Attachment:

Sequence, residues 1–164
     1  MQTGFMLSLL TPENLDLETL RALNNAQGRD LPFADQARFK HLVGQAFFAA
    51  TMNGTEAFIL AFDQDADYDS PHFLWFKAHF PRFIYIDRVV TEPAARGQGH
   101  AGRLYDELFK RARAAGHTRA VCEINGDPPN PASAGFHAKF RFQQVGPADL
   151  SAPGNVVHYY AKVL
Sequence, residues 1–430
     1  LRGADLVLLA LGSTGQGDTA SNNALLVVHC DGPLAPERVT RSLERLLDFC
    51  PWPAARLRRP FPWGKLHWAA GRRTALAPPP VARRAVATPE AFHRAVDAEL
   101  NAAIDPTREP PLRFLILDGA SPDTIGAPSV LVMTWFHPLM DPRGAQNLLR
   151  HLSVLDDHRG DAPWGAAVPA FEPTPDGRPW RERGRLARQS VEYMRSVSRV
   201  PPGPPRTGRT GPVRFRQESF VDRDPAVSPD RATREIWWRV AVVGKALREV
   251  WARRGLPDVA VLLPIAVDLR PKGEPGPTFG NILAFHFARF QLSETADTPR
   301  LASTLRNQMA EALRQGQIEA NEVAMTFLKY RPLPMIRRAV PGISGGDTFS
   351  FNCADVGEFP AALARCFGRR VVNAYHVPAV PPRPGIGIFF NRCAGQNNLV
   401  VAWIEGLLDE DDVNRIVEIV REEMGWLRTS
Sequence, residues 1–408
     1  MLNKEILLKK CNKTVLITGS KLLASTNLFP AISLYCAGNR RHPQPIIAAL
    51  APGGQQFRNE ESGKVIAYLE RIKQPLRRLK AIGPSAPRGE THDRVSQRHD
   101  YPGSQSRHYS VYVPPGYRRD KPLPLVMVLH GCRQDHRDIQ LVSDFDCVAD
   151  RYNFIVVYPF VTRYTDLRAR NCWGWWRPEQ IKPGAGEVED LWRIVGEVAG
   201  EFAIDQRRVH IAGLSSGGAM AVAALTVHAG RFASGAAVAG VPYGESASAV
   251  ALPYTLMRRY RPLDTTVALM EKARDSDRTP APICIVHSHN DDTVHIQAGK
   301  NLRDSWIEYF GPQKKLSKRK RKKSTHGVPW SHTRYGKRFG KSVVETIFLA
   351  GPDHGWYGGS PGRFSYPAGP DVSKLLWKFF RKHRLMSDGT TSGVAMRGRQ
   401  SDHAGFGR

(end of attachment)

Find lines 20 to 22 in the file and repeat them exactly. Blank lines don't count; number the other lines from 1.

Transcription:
   151  RYNFIVVYPF VTRYTDLRAR NCWGWWRPEQ IKPGAGEVED LWRIVGEVAG
   201  EFAIDQRRVH IAGLSSGGAM AVAALTVHAG RFASGAAVAG VPYGESASAV
   251  ALPYTLMRRY RPLDTTVALM EKARDSDRTP APICIVHSHN DDTVHIQAGK